3. May K, Ngo, T.D. and Hovig, D. Expanding contraceptive choices for women: Promising results for the IUD in sub-Saharan Africa. London: Marie Stopes International, 2011.
  4. “Interview with Victoria Hale.” Telephone interview. 12 Mar. 2012.
  5. Farley TM, Rosenberg MJ, Rowe PJ, et al. Intrauterine devices and pelvic inflammatory disease: an international perspective. Lancet 1992;339(8796):785-88.
  6. WHO, Department of Reproductive Health and Research. “Hormonal Contraception and HIV.” Sexual and Reproductive Health. World Health Organization, 2012. Web. <http://www.who.int/reproductivehealth/topics/family_planning/hc_hiv/en/index.html>.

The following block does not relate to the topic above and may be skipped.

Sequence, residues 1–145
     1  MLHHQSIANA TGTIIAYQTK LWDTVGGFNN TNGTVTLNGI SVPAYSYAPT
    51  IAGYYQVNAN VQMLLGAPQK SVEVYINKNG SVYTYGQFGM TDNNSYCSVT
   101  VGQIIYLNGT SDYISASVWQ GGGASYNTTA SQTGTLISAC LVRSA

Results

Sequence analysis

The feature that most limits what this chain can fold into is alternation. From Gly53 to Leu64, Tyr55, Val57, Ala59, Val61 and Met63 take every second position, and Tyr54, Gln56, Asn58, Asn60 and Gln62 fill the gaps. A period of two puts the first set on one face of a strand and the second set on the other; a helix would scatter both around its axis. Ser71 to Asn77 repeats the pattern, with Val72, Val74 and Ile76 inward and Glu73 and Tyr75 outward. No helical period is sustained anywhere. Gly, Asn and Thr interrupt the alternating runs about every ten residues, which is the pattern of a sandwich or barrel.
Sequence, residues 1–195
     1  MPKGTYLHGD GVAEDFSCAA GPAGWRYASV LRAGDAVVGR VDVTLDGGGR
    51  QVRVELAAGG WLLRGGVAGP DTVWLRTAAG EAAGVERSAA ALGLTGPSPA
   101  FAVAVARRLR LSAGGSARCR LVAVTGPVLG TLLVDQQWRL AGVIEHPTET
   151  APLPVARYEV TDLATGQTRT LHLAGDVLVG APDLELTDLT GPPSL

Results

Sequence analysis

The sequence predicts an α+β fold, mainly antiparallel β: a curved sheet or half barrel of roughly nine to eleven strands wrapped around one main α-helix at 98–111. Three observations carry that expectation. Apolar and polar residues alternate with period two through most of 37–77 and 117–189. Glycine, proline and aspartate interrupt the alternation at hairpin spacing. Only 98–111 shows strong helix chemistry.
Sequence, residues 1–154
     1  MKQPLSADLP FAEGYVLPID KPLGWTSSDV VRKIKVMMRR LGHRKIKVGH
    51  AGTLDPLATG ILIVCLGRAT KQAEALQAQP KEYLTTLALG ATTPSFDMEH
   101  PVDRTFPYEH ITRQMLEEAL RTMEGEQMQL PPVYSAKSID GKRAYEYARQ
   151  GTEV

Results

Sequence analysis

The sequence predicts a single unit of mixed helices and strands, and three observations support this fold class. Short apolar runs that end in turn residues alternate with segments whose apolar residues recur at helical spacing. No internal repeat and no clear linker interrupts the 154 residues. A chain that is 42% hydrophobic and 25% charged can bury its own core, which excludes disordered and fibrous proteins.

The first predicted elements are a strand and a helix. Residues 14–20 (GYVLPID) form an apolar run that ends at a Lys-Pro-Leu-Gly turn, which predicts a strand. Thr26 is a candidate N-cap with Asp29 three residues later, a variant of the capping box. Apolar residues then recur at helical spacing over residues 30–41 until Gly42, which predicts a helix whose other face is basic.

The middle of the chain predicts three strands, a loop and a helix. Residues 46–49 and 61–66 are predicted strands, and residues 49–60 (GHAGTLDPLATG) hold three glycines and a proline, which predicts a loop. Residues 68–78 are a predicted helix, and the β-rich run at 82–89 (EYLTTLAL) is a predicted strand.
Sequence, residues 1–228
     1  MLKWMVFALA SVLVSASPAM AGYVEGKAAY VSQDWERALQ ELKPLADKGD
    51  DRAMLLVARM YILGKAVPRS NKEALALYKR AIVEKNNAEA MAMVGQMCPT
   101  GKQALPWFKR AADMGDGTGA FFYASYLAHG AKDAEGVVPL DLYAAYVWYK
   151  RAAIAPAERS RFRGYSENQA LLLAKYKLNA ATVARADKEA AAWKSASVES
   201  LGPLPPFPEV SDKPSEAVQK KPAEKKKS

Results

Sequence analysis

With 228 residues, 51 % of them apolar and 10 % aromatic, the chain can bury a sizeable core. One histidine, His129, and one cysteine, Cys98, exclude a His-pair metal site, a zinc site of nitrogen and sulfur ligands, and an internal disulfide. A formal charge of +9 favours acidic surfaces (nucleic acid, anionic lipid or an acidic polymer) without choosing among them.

7. Pollack AE, Ross J, Perkin G. Intrauterine devices (IUDs) in developing countries: Assessing opportunities for expanding access and use. Available at: http://www.hewlett.org/NR/rdonlyres/02DF606B-4918-4504-A55F-D71C9BC932B4/0/IUD.pdf.
  8. “Interview with Victoria Hale.” Telephone interview. 12 Mar. 2012.
  9. “Interview with Victoria Hale.” Telephone interview. 12 Mar. 2012.

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Category: Features, Print, Women and Children

About the Author ()

Audrey Zhang '15 is the webmaster for HCGHR and a Technology and Global Health online columnist. She is a resident of Adams House concentrating in History of Science with a focus on Medicine and Society, and a secondary field in Global Health and Health Policy. In her spare time, she enjoys competitive reading and Tazo tea.